From the first moment I heard Red House Painters’ Rollercoaster LP back in 1999, I became a lifelong Mark Kozelek fan. His unique voice and songwriting ability surpass even the most popular singer/songwriters around today. After 17 albums under Red House Painters, Sun Kil Moon and his own name, he is one the few artists who have maintained a consistent level of quality releases throughout their career. Sun Kil Moon’s newest release, Among The Leaves, is one of Kozelek’s most stripped-down and lyrically compelling albums in years. He’s one of my all-time favorites and getting the opportunity to talk with him was a great pleasure. My thanks to Neckbrace Substitute for his assistance…
Violent Success: There’s a feeling of spontaneity across the 17 tracks of your new album that help give it a unique separation from anything you’ve done before. Was the songwriting and recording process different from your work in the past?
Mark Kozelek: A little bit. I tend to take more time working on songs, but didn’t spend much time with these. The hardest part of recording was all of the background vocals. I did 99% of the background vocals on my own. That was the hardest part of making the record.
VS: You’ve been a part of multiple musical projects over the years… Talk about your earliest moments creating music.
MK: Intense nervousness, early on. Recording from midnight until morning to get a good rate at a studio. The main thing I remember is the clock ticking, the pressure to get something done, knowing you wouldn’t get a another chance at it. The funniest part is that we’d leave with a master ‘cassette’.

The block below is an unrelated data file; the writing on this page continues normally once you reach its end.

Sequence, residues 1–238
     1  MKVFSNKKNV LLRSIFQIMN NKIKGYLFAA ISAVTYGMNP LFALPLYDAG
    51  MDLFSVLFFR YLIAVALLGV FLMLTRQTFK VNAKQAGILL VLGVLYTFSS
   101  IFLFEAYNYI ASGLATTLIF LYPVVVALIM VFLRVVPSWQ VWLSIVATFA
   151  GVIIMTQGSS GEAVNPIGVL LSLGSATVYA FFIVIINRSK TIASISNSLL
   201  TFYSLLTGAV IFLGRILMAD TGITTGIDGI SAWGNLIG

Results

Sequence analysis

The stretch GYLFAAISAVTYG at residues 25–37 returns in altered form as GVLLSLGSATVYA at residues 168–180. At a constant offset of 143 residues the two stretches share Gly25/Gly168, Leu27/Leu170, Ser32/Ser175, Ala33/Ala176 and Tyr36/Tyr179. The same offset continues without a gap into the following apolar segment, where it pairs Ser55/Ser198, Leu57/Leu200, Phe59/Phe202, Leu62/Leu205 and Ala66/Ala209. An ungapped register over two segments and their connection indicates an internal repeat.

VS: Are you a cocktail napkin writer or do you sit down every morning and try and get lyrics down?
MK: I get ideas on walks or in bed in the middle of the night. I don’t know. I’m just a writer, I can’t explain the process.
VS: Which musician(s) did you grow up idolizing?
MK: Jimmy Page, David Gilmour.
VS: Have you taken classes in music or are you entirely self-taught?
MK: Took lessons from about 11 years old to 13, self taught after that.
VS: How do audiences abroad compare to the ones back home? Are there any particular cities/venues that you look forward to playing?
MK: I’m in a place now where audiences are great all across the board. I just played 4 shows in Australia that all went well and earlier in the year, both Tel Aviv, and Durham, North Carolina went well. My audiences are very quiet, sweet. There are certain types of rooms I try to avoid, but if the venue is right, people tend to be very kind and appreciative.
VS: Are there any songs you haven’t released but keep working on because you like the ideas or have you pretty much released all your favorite ideas up to this point?
MK: Not really, there are always ideas lingering around, but there are no songs I’m dying to get at. No complete songs at the moment.
VS: Who do you go to for musical advice?
MK: My booking agents, my lawyer. I don’t ask my musician friends for advice, because we all operate differently. Some spend all day twittering, I don’t relate. The only advice I need right now is, how to get people to buy music. None of my musician friends know the the answer to that and my lawyer doesn’t either.
VS: Finally, listeners can often entangle a musician’s persona with the individual. What would your fans be surprised by if they actually knew you?
MK: I’ve never eaten a McDonald’s hamburger in my entire life and I shop at Walmart sometimes.